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US blocks UN Security Council demand for humanitarian ceasefire in Gaza backed by Ghana and 12 other countries
US blocks UN Security Council demand for humanitarian ceasefire in Gaza backed by Ghana and 12 other countries

US blocks UN Security Council demand for humanitarian ceasefire in Gaza backed by Ghana and 12 other countries

The United States on Friday vetoed a proposed United Nations Security Council demand for an immediate humanitarian ceasefire in the war between Israel and Palestinian militant group Hamas in Gaza.

Thirteen other members including Ghana voted in favour of a brief draft resolution, put forward by the United Arab Emirates, while Britain abstained. The remaining countries were permanent UN security council members; China, France and the Russian Federation as well as non-permanent members; Ghana, Albania, Brazil, Ecuador, Gabon, Japan, Malta, Mozambique, Switzerland and the United Arab Emirates.

The vote came after U.N. Secretary-General Antonio Guterres made a rare move on Wednesday to formally warn the 15-member council of a global threat from the two-month-long war.

"What is the message we are sending Palestinians if we cannot unite behind a call to halt the relentless bombardment of Gaza?" Deputy UAE U.N. Ambassador Mohamed Abushahab asked the council. "Indeed, what is the message we are sending civilians across the world who may find themselves in similar situations?"

The United States and Israel oppose a ceasefire because they believe it would only benefit Hamas. Washington instead supports pauses in fighting to protect civilians and allow the release of hostages taken by Hamas in a deadly Oct. 7 attack on Israel.

Deputy U.S. Ambassador to the U.N. Robert Wood told the council that the draft resolution was a rushed, imbalanced text "that was divorced from reality, that would not move the needle forward on the ground in any concrete way."

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"We do not support this resolution's call for an unsustainable ceasefire that will only plant the seeds for the next war," said Wood.

The U.S. had offered substantial amendments to the draft, including a condemnation of the Oct. 7 Hamas attacks that Israel says killed 1,200 people and in which 240 people were taken hostage.

Britain's U.N. Ambassador Barbara Woodward said her country abstained because there was no condemnation of Hamas.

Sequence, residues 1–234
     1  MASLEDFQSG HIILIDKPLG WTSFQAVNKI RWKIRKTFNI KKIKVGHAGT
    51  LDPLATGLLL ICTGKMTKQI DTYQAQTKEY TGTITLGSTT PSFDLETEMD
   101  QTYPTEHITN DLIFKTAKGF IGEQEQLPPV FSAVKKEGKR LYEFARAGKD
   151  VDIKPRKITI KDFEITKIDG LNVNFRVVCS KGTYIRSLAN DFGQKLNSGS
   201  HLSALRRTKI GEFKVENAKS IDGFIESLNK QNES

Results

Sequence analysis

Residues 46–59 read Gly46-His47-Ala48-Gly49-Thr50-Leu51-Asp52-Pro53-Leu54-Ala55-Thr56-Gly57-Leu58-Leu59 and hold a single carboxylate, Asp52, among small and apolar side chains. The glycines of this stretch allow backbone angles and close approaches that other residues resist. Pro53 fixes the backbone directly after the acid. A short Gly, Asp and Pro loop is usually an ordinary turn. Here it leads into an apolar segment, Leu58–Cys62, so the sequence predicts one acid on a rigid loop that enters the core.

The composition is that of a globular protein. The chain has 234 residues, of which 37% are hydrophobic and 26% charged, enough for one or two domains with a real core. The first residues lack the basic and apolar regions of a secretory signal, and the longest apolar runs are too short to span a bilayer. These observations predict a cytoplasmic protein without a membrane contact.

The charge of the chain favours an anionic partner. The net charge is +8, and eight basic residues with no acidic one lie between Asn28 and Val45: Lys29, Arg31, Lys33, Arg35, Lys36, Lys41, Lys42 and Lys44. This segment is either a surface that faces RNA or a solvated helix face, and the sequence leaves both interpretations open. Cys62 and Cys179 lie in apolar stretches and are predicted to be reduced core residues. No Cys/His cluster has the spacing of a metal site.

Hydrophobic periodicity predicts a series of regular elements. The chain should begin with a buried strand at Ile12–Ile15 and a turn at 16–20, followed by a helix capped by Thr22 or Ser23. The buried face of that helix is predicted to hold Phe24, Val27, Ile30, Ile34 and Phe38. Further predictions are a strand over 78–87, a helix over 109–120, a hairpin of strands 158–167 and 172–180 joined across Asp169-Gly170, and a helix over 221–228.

"Israel needs to be able to address the threat posed by Hamas and it needs to do so in a manner that abides by international humanitarian law so that such an attack can never be carried out again," she told the council.

Palestinian U.N. envoy Riyad Mansour told the council the result of the vote was "disastrous," adding: "Millions of Palestinian lives hang in the balance. Every single one of them is sacred, worth saving."

Israel's U.N. Ambassador Gilad Erdan did not address the Security Council after the vote, but in a statement said: "A ceasefire will be possible only with the return of all the hostages and the destruction of Hamas."

The United States favors its own diplomacy over Security Council action to win the release of more hostages and press Israel to better protect civilians in Gaza as it retaliates against Hamas.

However, U.S. Secretary of State Antony Blinken acknowledged on Thursday that there was a "gap" between Israel's intent to protect civilians and what has happened on the ground. Gaza's Health Ministry says more than 17,480 people have been killed.

Israel has bombarded Gaza from the air, imposed a siege and launched a ground offensive. The vast majority of the Palestinian enclave's 2.3 million people have been driven from their homes.

"There is no effective protection of civilians," Guterres told the council earlier on Friday. "The people of Gaza are being told to move like human pinballs – ricocheting between ever-smaller slivers of the south, without any of the basics for survival. But nowhere in Gaza is safe."

A seven-day pause - during which Hamas released some hostages and there was an increase in badly needed humanitarian aid to Gaza - ended on Dec. 1.

After several failed attempts to take action, the Security Council last month called for pauses in fighting to allow aid access to Gaza, which Guterres on Friday described as a "spiralling humanitarian nightmare."

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